A friend spoke in worship this morning about her feelings of helplessness in seeing her young adult adopted daughter in a great deal of pain and thrashing-about, much of it surrounding mental health issues. And after reading this last night and hearing her, what I was moved to say to her after meeting, was that it isn't the condition that is the problem, it's the pain it causes. And we all carry some pain, and we all want to find some way be outside that pain, even for a little while, to have a sabbath (to ride my current hobby-horse). Some of us try to run away to a new, better place, as her daughter is doing. Some of us use tools — stories or mind-altering substances. Some of us try to cut that pain out of ourselves, even at the cost of cutting out part of ourselves with it. But what we have in common is that we all want to escape our pain.

Anyway, thank you.

Hystery said...

natcase,

What you say here is so important. Medication is the difference between productivity and despair or even life and death. I do not advocate against it. It did not work in my case, but I think it should always be considered as one of the therapies/approaches to living with depression. I do think the efficacy of such therapies have been exaggerated by marketers and that outside of creative and comprehensive care for the entire human being, it has a diminished chance of success. We still have such a long way to go in understanding how brains function, not merely in the physiological sense, but also with the brain's cultural context. I hope that many years from now we look back at our medical approaches and see how little we know now relative to how much we will know then.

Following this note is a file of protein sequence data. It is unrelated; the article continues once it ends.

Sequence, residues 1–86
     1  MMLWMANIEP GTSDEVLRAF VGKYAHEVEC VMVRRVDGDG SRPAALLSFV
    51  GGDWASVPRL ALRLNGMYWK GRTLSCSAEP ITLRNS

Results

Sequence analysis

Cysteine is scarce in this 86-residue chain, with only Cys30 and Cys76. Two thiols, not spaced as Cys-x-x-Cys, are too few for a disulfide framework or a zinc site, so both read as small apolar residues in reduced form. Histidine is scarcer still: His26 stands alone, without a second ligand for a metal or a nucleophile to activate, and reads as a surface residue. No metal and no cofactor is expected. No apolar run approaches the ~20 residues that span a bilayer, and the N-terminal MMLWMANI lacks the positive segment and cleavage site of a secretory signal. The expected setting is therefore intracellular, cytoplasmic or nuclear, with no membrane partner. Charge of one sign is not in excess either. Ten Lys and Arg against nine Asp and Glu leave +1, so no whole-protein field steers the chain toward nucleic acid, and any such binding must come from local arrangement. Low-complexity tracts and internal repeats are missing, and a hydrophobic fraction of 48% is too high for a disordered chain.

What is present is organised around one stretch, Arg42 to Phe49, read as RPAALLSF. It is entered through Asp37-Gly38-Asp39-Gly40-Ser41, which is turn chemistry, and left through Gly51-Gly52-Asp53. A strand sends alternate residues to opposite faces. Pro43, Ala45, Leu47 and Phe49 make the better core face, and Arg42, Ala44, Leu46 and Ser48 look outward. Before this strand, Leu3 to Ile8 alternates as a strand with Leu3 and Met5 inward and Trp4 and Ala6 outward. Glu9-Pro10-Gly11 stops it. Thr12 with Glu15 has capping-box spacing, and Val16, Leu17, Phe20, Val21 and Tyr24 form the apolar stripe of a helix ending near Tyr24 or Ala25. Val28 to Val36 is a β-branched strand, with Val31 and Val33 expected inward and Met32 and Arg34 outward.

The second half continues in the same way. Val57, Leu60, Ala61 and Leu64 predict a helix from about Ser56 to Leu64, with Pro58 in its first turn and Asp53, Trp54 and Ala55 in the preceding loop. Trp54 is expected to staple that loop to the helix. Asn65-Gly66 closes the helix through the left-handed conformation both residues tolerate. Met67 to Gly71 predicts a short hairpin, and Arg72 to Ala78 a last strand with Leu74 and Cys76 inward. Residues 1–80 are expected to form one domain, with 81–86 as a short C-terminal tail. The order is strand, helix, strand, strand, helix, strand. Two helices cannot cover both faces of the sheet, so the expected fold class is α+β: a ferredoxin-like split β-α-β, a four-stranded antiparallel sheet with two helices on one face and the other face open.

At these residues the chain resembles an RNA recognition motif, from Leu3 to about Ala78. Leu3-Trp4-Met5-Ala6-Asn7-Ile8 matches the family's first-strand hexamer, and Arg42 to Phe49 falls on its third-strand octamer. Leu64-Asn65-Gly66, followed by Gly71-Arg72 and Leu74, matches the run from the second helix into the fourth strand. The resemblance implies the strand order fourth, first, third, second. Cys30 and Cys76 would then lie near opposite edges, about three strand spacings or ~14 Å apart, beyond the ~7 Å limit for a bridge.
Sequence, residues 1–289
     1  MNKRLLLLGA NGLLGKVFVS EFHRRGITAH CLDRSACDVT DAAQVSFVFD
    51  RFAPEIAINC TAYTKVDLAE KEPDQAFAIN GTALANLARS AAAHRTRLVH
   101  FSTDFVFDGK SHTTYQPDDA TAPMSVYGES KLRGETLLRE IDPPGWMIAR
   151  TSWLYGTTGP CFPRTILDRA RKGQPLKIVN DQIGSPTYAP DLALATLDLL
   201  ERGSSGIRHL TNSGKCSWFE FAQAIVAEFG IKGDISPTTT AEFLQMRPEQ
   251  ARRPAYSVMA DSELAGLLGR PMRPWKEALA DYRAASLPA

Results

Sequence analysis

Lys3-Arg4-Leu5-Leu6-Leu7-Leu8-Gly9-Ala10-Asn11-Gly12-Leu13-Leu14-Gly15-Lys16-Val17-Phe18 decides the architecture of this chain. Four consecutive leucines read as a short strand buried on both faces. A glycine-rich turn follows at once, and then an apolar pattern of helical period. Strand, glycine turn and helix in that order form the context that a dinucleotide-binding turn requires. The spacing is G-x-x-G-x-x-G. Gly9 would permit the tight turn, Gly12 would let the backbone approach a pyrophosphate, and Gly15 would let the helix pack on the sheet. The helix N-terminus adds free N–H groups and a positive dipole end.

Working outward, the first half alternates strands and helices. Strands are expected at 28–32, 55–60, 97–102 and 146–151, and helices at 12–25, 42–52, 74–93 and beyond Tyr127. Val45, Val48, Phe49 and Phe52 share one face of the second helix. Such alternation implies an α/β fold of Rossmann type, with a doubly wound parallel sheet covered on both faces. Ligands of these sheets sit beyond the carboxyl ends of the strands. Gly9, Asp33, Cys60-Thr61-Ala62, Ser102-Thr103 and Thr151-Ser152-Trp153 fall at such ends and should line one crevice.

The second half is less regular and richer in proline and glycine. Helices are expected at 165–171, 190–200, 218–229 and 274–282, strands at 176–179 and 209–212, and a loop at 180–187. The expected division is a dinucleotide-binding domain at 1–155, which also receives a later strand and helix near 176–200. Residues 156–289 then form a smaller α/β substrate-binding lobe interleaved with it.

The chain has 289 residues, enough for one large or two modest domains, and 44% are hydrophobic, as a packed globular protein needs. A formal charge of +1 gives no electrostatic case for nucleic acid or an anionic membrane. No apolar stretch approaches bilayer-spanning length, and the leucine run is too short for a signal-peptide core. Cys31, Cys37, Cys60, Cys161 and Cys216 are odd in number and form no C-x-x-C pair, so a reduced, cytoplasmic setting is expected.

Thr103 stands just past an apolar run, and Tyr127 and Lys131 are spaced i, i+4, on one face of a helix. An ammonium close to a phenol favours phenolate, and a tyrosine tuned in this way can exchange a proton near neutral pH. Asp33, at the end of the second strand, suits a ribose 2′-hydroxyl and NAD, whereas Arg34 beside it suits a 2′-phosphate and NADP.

One of the things that concerns me about the medical model as it was applied to me was that it did not take into account my cultural, intellectual, and spiritual realities. In too many cases, in addition to just not seeming to work with my particular chemistry, it often undermined my ability to use other methods and techniques to heal myself and make meaning out of what was happening.

A holistic approach to mental health that honored my personality might have been far more effective and I might have come out of the postpartum depression much more quickly. But insurance (which I was lucky to have) didn't cover that. I was lucky enough to have a family both emotionally and professionally capable of standing with me as I took over my own case with what amounted to another job as a researcher and healer for myself. Most people do not have those luxuries of time, support, and access to information. They rely on their doctors and must hope for the best.